Mitchell: Israeli Plan to Partially 'Separate' from Occupied Territories Impractical
Former US senate majority leader George Mitchell has said that a plan by former Israeli prime minister Ehud Barak to build a fence between Israelis and Palestinians "is not a practical solution."
In an interview on ABC television, cited by the Kuwaiti official news agency, KUNA, Mitchell said the idea "did not come up during our investigation and report."
Mitchell chaired the five-man international Sharm Al Sheikh fact-finding commission set up late last year to investigate the outbreak the latest Palestinian uprising against 34 years of Israeli military occupation, as well as Israeli reprisals and ways to end the bloodbath.
He was asked about Barak’s proposal, now adopted up by a group of Israeli MKs rallying for its support.
The plan is dubbed in Israel as "unilateral separation." It is supported by the Israeli President Moshe Katsav and reserve Israeli generals.
Mitchell noted that there were one million Palestinians living inside Israel and 200,000 living in occupied east Jerusalem. "They would be on the inside of the fence," he said.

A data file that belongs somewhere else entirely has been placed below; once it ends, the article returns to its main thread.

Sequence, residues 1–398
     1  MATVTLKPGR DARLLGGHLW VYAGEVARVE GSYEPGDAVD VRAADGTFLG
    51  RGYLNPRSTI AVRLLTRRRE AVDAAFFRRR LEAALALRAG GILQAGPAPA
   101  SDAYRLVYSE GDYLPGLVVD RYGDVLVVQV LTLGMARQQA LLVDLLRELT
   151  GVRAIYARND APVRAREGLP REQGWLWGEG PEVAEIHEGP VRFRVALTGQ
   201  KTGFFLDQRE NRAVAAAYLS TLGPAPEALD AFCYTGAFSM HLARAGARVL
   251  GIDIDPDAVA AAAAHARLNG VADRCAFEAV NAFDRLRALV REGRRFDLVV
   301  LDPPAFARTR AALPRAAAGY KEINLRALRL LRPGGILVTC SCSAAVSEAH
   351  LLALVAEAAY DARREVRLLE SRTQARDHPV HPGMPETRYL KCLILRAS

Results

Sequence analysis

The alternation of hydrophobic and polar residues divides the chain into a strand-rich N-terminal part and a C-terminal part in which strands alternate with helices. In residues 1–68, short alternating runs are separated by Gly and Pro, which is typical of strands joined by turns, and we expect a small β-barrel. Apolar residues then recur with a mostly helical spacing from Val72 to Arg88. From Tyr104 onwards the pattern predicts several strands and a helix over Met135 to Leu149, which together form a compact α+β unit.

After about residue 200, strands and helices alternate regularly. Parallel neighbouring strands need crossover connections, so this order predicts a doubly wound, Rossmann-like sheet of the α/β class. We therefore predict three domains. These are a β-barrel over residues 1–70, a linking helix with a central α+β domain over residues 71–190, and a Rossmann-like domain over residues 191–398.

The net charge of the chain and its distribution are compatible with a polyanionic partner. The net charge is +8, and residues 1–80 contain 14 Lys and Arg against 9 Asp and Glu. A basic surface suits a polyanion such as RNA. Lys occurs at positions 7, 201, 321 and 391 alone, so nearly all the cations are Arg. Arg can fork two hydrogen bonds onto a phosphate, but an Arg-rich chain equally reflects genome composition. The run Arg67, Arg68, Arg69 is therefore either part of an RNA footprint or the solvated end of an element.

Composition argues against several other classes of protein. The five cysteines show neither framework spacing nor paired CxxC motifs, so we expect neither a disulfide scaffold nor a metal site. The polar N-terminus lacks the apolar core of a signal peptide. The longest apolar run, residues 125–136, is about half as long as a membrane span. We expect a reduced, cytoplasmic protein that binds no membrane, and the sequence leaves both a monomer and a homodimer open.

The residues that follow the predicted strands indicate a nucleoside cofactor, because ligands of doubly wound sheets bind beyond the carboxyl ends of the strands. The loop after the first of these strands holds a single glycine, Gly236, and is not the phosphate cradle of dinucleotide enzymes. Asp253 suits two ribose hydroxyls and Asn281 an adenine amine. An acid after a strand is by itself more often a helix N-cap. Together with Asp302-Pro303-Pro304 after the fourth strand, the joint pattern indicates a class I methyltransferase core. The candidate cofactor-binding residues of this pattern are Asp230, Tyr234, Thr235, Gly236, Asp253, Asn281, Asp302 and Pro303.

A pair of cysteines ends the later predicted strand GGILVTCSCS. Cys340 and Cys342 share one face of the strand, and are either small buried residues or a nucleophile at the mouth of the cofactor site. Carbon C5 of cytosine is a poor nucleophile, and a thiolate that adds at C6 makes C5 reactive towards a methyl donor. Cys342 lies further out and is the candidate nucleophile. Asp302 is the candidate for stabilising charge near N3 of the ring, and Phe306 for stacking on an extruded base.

There were also "insuperable questions of which (Jewish) settlements are in and which are out. It is not just the settlements themselves, it is the road network that supports them, the military installations that protect them.
"I think it is fraught with enormous practical difficulties,” Mitchell added.
Katsav was quoted by Haaretz as saying last month that Israel had "no choice" but to adopt the separation option, which “has won growing political and public support in recent months as Israelis have increasingly despaired at the possibility of reaching a negotiated settlement with the Palestinians.”
He said Israel was essentially facing three options.
"The first is continuing the present situation which is unbearable, the continuation of terror, of bloodshed," he said.
"Another path is diplomatic negotiations, which seems impossible. Yasser Arafat is simply not interested in renewing diplomatic negotiations. He apparently is pinning everything on escalation. And the third possibility is to launch a military attack ... In any case the use of military force cannot (completely) solve the problem of terror."
Katsav said that the line of unilateral separation would be drawn in Area C - those areas in the Occupied Territories still under full Israeli control - and that the aim was to enhance security.
The move, he said, was a military one, and the unilateral "border" supposedly had no political significance – Albawaba.com
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